SD gov: Bar abortion pills, but don't punish women for them
WASHINGTON (AP) — South Dakota's Republican governor pledged on Sunday to bar mail-order abortion pills but said women should not face prosecution for seeking them.
In apparent defiance of legal guidance by the Justice Department after the Supreme Court last week stripped away women's constitutional protections for abortion, Kristi Noem indicated in national television interviews that she would put in place a plan approved by state lawmakers to restrict the pills. The majority ruling Friday by the court's conservative justices triggered abortion bans in South Dakota and elsewhere.
But Noem said doctors, not their patients, would likely be prosecuted for knowing violations of what would be one of the strictest laws on abortion pills in the United States.
"I don't believe women should ever be prosecuted," she said. "I don't believe there should be any punishment for women, ever, that are in a crisis situation or have an unplanned pregnancy."
At issue is mail-order or so-called telemedicine abortion pills, which have been on the rise in the country since 2000 when the Food and Drug Administration approved mifepristone — the main drug used in medication abortions.
More than 90% of abortions take place in the first 13 weeks of pregnancy, and more than half are now done with pills, not surgery, according to data compiled by the Guttmacher Institute, a research group that supports abortion rights. Abortion pills are expected to become in higher demand as over half the states are likely to move to ban abortions following the Supreme Court's decision.
Noem, a strong opponent of abortion rights who faces reelection in November and is mentioned as a possible 2024 presidential contender, cast the distribution of abortion pills as unsafe and has called a special session to craft new laws.
"These are very dangerous medical procedures," said Noem, referring to abortion pills. "We don't believe it should be available, because it is a dangerous situation for those individuals without being medically supervised by a physician."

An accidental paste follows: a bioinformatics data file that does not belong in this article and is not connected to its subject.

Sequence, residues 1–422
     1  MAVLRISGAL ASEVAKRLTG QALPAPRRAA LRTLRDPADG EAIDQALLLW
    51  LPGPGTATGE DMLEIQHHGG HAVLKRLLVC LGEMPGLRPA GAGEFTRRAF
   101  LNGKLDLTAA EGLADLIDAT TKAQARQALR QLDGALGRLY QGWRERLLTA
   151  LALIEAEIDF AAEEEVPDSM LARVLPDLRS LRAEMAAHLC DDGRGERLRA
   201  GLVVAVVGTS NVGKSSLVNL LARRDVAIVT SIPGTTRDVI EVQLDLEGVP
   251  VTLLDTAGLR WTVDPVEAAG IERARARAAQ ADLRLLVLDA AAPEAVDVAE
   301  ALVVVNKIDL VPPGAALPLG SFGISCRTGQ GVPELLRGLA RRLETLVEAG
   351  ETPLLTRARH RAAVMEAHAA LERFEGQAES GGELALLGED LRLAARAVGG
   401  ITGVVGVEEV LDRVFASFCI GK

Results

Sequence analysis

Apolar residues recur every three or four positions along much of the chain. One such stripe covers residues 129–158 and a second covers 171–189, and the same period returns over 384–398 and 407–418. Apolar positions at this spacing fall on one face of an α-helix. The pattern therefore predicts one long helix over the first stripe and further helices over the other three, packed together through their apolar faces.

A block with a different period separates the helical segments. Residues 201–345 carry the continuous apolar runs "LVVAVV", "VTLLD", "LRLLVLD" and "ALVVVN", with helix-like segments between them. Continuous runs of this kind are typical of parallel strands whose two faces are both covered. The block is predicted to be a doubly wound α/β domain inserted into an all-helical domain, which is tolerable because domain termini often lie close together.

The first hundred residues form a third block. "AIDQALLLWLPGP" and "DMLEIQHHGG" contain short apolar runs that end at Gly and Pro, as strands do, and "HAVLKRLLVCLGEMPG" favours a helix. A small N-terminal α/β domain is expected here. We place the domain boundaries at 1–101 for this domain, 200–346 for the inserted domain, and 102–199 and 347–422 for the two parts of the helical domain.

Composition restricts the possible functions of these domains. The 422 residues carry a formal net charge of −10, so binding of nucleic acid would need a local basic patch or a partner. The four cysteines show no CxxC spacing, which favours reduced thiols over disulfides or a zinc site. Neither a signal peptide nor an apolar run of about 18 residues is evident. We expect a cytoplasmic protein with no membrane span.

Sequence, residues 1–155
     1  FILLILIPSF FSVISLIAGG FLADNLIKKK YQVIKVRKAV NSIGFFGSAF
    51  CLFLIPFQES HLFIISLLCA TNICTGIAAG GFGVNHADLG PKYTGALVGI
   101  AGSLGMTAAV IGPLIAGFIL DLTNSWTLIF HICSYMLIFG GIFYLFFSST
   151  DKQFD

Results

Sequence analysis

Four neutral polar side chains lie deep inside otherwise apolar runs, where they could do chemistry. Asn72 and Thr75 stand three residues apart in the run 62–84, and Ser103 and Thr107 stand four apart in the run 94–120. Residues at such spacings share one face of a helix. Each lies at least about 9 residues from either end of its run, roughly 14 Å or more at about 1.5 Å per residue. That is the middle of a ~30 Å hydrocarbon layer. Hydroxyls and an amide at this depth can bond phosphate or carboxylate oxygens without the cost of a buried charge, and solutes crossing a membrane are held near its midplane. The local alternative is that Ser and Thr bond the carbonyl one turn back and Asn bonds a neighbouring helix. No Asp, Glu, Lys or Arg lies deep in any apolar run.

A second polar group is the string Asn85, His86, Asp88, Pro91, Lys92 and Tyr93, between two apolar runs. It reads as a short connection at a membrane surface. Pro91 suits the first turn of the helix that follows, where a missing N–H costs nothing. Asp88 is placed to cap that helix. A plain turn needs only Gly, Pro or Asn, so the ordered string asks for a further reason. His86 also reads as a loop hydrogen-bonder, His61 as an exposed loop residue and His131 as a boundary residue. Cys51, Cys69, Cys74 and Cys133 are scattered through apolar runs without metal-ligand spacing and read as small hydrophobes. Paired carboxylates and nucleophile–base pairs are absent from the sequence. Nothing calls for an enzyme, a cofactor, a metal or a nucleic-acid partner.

In a state where Republicans hold super-majorities in both statehouse chambers, South Dakota lawmakers have been floating proposals that also would make it more difficult for women to seek an abortion out of state. South Dakota voters rejected outright bans in 2006 and 2008, and abortion rights advocates are preparing for a similar referendum on abortion access.
In a statement Friday, President Joe Biden's attorney general, Merrick Garland, said the Justice Department will protect abortion providers and those seeking abortions in states where it is legal and will "work with other arms of the federal government that seek to use their lawful authorities to protect and preserve access to reproductive care."
"In particular, the FDA has approved the use of the medication mifepristone," he added. "States may not ban mifepristone based on disagreement with the FDA's expert judgment about its safety and efficacy."
The South Dakota law, passed in March, requires women seeking an abortion to make three separate trips to a doctor in order to take abortion pills and makes it clear that women in the state cannot get the pills through a telemedicine consultation. The law has been on hold after a federal judge in February ruled it likely "imposes an undue burden on a person's right to seek an abortion."
Two drugs are required. The first, mifepristone, blocks a hormone needed to maintain a pregnancy. A second drug, misoprostol, taken one to two days later, empties the uterus. Both drugs are available as generics and are also used to treat other conditions.
The FDA last year lifted a long-standing requirement that women pick up abortion pills in person. Federal regulations now also allow mail delivery nationwide. Even so, roughly 19 states have passed laws requiring a medical clinician to be physically present when abortion pills are administered to a patient.
South Dakota is among them, joining several states, including Texas, Kentucky, Arkansas, Ohio, Tennessee and Oklahoma, where Republicans have moved to further restrict access to abortion pills in recent months.
One portion of the South Dakota law, which will take effect in July, contains a section that does not hinge on the federal courts: increasing to a felony the punishment for anyone who prescribes medication for an abortion without a license from the South Dakota Board of Medical and Osteopathic Examiners.
A broader court decision is pending in the wake of the Supreme Court ruling.
Noem spoke on ABC's "This Week" and CBS' "Face the Nation."
Associated Press writer Stephen Groves in Sioux Falls, South Dakota, contributed to this report.
For AP's full coverage of the Supreme Court ruling on abortion, go to https://apnews.com/hub/abortion
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